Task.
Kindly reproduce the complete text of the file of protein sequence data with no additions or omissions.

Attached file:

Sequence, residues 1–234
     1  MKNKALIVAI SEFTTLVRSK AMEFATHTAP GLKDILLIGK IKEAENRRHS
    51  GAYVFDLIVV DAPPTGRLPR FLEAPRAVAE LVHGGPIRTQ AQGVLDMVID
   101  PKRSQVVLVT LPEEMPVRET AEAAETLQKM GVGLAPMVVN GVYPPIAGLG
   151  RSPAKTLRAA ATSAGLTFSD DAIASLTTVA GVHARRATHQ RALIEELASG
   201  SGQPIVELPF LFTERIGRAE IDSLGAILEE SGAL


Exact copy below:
Sequence, residues 1–234
     1  MKNKALIVAI SEFTTLVRSK AMEFATHTAP GLKDILLIGK IKEAENRRHS
    51  GAYVFDLIVV DAPPTGRLPR FLEAPRAVAE LVHGGPIRTQ AQGVLDMVID
   101  PKRSQVVLVT LPEEMPVRET AEAAETLQKM GVGLAPMVVN GVYPPIAGLG
   151  RSPAKTLRAA ATSAGLTFSD DAIASLTTVA GVHARRATHQ RALIEELASG
   201  SGQPIVELPF LFTERIGRAE IDSLGAILEE SGAL